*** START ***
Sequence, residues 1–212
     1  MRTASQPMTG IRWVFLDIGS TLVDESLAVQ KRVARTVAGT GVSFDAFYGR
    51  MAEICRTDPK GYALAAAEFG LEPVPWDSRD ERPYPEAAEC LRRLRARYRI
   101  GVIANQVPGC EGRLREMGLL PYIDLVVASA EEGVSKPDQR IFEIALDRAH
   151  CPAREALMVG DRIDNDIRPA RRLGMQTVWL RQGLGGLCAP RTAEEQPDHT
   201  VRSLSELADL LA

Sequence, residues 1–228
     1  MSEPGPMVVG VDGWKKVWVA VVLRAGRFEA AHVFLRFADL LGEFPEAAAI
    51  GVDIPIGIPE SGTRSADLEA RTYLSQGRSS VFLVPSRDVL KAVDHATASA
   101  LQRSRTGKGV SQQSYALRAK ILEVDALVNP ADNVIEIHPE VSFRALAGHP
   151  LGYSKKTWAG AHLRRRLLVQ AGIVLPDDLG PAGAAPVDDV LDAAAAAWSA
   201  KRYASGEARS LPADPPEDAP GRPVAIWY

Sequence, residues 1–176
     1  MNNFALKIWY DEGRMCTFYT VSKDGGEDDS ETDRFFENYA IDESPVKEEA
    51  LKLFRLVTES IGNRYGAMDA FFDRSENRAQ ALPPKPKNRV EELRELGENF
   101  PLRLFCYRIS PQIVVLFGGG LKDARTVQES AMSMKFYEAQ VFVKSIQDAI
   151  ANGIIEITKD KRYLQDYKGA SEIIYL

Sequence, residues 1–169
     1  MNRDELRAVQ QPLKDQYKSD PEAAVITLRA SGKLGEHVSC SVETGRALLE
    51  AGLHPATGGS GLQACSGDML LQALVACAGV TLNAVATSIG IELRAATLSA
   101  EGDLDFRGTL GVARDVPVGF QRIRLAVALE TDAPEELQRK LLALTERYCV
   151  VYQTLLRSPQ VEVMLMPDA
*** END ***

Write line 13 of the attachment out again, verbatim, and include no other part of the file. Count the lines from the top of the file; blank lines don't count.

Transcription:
Sequence, residues 1–176